The Host Unknown Podcast

Episode 110 - Andy is Hot Hot Hot

Episode Summary

This week in InfoSec talks about the phone that changed everything Rant of the Week brings us the latest on remote working Billy Big Balls talks of a group of people playing fast and loose with company assets Industry News brings us the latest and greatest security news stories from around the world And Tweet of the Week reminisces about groundhog day

Episode Notes

This week in InfoSec

With content liberated from the “today in infosec” twitter account and further afield

28th June 2000: The Pikachu virus began spreading. It is believed to be the first virus targeting children, incorporating Pikachu from the Pokémon series.

29th June 2007: Nearly 6 months after it was introduced, Apple’s highly-anticipated iPhone goes on sale. Generally downplayed by Old Word Technology pundits after its introduction, the iPhone was greeted by long lines of buyers around the country on that first day. Quickly becoming an overnight phenomenon, one million iPhones were sold in only 74 days. Since those early days, the ensuing iPhone models have continued to set sales records and have completely changed not only the smartphone and technology industries, but the world as well.

26th June 1997: The US Supreme Court ruled the Communications Decency Act unconstitutional on a 7-2 vote. The act, passed by both houses of Congress, sought to control the content of the Internet in an effort to keep pornography from minors. In an opinion written by Justice John Paul Stevens, the Supreme Court ruled the act a violation of free speech as guaranteed by the US Constitution.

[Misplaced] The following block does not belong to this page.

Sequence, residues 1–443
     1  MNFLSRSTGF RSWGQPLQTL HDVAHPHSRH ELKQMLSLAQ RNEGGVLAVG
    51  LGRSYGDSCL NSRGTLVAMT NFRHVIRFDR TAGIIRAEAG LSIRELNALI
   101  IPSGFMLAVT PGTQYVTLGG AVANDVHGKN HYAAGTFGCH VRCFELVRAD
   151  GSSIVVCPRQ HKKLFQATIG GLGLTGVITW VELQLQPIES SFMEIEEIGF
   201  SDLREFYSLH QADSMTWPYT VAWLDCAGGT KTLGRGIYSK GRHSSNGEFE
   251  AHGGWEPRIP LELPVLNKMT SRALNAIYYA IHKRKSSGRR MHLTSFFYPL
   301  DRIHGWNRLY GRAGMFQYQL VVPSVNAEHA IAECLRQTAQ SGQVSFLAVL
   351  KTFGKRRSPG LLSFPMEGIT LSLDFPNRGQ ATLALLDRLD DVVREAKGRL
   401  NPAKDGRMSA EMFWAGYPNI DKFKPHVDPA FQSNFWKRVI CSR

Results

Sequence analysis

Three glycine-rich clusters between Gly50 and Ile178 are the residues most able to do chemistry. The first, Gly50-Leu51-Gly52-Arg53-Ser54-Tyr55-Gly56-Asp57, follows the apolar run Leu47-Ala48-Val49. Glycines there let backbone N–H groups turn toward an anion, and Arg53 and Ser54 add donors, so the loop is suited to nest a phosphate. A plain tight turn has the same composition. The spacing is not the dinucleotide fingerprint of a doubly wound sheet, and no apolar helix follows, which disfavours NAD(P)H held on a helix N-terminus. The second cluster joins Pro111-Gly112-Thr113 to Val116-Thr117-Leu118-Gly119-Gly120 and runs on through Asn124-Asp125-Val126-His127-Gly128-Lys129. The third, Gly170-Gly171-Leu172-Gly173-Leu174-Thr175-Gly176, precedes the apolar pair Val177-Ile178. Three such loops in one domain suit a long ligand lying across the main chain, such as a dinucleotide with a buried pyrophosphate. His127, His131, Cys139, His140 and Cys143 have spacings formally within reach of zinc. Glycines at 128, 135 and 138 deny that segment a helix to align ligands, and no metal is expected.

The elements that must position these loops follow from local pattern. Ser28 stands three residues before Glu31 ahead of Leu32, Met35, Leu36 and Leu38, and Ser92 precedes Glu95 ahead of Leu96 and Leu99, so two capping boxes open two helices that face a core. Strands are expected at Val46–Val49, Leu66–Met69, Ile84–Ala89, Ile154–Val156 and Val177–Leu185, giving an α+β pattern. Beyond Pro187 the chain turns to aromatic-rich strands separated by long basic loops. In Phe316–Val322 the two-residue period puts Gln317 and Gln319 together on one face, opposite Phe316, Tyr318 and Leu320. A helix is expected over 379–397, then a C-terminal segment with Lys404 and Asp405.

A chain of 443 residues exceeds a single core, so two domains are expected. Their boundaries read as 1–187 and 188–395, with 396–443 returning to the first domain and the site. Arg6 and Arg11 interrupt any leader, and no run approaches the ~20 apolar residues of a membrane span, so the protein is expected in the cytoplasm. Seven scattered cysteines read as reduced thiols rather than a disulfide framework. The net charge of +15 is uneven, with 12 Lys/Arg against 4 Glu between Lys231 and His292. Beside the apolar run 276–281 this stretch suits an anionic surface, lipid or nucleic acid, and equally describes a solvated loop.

Rant of the Week

Quick mention just to get the blood boiling: India extends deadline for compliance with infosec logging rules by 90 days

India's Ministry of Electronics and Information Technology (MeitY) and the local Computer Emergency Response Team (CERT-In) have extended the deadline for compliance with the Cyber Security Directions introduced on April 28, which were due to take effect yesterday.

The Directions require verbose logging of users' activities on VPNs and clouds, reporting of infosec incidents within six hours of detection - even for trivial things like unusual port scanning - exclusive use of Indian network time protocol servers, and many other burdensome requirements. The Directions were purported to improve the security of local organisations, and to give CERT-In information it could use to assess threats to India. Yet the Directions allowed incident reports to be sent by fax – good ol' fax – to CERT-In, which offered no evidence it operates or would build infrastructure capable of ingesting or analyzing the millions of incident reports it would be sent by compliant organizations.

FBI warning: Crooks are using deepfake videos in interviews for remote gigs

Deepfakes and Stolen PII Utilized to Apply for Remote Work Positions

The US FBI issued a warning on Tuesday that it was has received increasing numbers of complaints relating to the use of deepfake videos during interviews for tech jobs that involve access to sensitive systems and information.